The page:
The cost of integrating video and access control

“How much will it cost?”— It’s the one question that is top of mind for customers looking to integrate video surveillance and access control systems, and often the most difficult to answer. An accurate quote depends on many different factors including what systems are already on site, if any, the number of doors and cameras, high-level objectives, and many other technical considerations.

For instance, estimating the cost to install a unified video surveillance and access control system in a site with no existing security system is certainly more straightforward, allowing for much more leeway in the design and installation of a unified security system. However, walking into an existing install where video and access control solutions are already separately installed, can lead to complex yet still costly considerations. The age, architecture and technical abilities of each system must all be considered before proposed methods of unifying the solutions and the costs can be presented.

Generally speaking, three options to merge disparate video surveillance and access control systems will come with varying cost structures:

  1. Physical Security Information Management (PSIM) systems are custom-built platforms which act as a layer over the integrated systems. A PSIM is usually considered the most expensive option to bring multiple systems together due to the extensive amount of custom development required. PSIMs also require ongoing capital investments for support and maintenance to ensure system integrations continue to function as each system is regularly upgraded.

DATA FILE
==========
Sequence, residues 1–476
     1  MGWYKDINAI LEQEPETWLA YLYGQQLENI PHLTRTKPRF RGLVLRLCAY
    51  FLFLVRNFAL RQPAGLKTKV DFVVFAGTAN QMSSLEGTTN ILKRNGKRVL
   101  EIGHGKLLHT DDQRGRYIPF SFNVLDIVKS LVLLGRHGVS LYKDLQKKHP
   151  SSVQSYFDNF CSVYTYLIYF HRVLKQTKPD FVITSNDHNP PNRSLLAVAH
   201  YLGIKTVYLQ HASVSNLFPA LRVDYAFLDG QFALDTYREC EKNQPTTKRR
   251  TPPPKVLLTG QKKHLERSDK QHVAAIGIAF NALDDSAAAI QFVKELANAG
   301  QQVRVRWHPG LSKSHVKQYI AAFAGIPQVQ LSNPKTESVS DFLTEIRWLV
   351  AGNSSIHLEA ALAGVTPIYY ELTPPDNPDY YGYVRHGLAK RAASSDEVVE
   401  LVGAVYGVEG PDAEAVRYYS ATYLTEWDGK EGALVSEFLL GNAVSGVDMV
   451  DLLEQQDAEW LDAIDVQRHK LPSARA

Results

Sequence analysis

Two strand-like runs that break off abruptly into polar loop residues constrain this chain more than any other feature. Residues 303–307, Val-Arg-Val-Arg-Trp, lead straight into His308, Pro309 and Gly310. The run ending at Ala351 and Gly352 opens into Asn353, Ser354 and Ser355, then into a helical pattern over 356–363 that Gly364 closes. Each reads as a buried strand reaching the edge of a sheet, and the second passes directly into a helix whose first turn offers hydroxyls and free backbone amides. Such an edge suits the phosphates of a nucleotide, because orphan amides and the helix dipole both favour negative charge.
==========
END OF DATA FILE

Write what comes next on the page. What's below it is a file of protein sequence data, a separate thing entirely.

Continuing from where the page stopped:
2. Integration or interfacing systems requires some basic development work using software development kits and is generally a more affordable option. However, integration limits cross-system functionality to a few very basic capabilities such as receiving access control alarms in your video system or linking access control events to video. This drawback is an important consideration during a mission-critical event such as neutralizing threats. Also, operators might still have to work from different interfaces to undertake certain tasks due to limitations, causing a spike in training costs. Incompatibilities and system failures during version upgrades are common occurrences as well.
  3. Unification is the most cost-effective approach since both the video surveillance and access control systems are engineered to work cohesively within a single platform by a single vendor. All core systems are designed to innately work together, so training, upgrades, configurations and maintenance are cost-effective and seamless. Through an off-the-shelf unified security platform, such as Security Center, unification offers features developed for mass-market applications which can be selectively implemented to achieve a certain level of customization without going over budget.

Regardless of the method you choose, there will be always be savings realized by integrating your video and access control systems. Operator efficiency will be enhanced through better workflows, leading to speedier investigations, and freeing up time for other security or business objectives. So perhaps the question to ask is not how much will it cost, but how much is it costing your organization to work with separate security systems? Read more about the opportunity costs of security system unification by reading a previous blog titled: How to build a Business Case for Security System Unification. And join us next time when we ask “Do I need to rip and replace my systems?”.


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